President's prescription: green tea - KCBD NewsChannel 11 Lubbock

President's prescription: green tea

In the south, we love our sweet tea, but in many cultures tea is consumed at social events, like afternoon tea and even at tea parties. This week Texas Tech University Health Sciences Center President Dr. Tedd Mitchell tells us green tea could help your bone health.

Tea is the second most consumed beverage after water. Researchers are looking to how this cup of green tea could help postmenopausal women fight osteoporosis.

The National Osteoporosis Foundation states that about 10 million Americans have osteoporosis with another 34 million at risk for the disease.

Osteoporosis means bones have lost density or mass. As your bones become less dense, they become weaker. Throughout life, a person is constantly breaking down old bone and replacing it with new bone. Osteoporosis is a major health issue in postmenopausal women.

Menopause can cause damage to your bones. During menopause, estrogen levels in your body drop and estrogen plays an important role in bone health. Unless the estrogen you lose is being replaced, your bones can become thin and brittle."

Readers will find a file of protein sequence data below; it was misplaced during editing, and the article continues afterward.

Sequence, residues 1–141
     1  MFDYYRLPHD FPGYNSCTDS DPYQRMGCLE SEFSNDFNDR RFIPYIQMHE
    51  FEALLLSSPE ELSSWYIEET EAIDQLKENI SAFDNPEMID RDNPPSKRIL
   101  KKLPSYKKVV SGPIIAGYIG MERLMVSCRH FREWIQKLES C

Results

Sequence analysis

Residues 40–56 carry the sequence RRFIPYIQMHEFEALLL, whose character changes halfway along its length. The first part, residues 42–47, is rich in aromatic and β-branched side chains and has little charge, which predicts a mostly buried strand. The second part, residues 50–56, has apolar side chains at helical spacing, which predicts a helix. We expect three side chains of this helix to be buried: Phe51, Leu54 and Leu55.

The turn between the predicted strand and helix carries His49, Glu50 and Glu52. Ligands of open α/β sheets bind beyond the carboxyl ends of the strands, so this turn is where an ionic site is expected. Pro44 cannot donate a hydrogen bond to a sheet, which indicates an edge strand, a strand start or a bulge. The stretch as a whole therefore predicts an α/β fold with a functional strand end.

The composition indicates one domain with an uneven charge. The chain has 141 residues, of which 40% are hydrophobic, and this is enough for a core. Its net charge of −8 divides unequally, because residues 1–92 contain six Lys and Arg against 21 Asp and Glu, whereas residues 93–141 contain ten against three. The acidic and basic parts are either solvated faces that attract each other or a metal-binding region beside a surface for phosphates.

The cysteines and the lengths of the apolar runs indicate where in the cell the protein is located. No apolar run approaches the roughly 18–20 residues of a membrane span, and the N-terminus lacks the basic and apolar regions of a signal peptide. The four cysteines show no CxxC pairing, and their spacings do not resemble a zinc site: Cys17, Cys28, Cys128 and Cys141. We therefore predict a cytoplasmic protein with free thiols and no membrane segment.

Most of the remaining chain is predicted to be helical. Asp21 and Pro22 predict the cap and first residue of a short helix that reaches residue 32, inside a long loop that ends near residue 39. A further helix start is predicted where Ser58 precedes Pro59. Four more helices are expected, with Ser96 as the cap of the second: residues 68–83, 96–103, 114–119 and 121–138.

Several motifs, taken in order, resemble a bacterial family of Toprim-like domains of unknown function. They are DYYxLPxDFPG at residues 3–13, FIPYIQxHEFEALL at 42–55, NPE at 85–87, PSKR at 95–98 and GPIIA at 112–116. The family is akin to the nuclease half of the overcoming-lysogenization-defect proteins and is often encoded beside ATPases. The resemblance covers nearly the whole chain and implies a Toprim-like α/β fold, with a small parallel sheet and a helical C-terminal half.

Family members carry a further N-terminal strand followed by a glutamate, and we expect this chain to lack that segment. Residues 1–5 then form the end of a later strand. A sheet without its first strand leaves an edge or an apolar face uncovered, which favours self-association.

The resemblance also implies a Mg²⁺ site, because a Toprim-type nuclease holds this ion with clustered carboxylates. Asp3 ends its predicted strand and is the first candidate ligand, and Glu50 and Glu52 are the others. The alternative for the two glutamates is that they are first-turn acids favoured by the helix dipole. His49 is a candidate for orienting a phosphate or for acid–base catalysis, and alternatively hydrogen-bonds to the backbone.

Texas Tech University Health Sciences Center Researcher Dr. Leslie Shen is working with a National Institutes of Health study to find what benefits green tea may have for these women.

Evidence has shown an association between green tea consumption and the prevention of bone loss in the elderly. Ingestion of green tea and green tea bioactive compounds may be beneficial in reducing bone loss in postmenopausal women and decreasing the risk of osteoporotic fractures. We assume that green tea at an optimal dose would favor bone formation and slow down destruction of the bone.

The long-term goal of the study is to develop complementary and alternative medicine interventions including dietary supplements such as green tea polyphenols for bone health.


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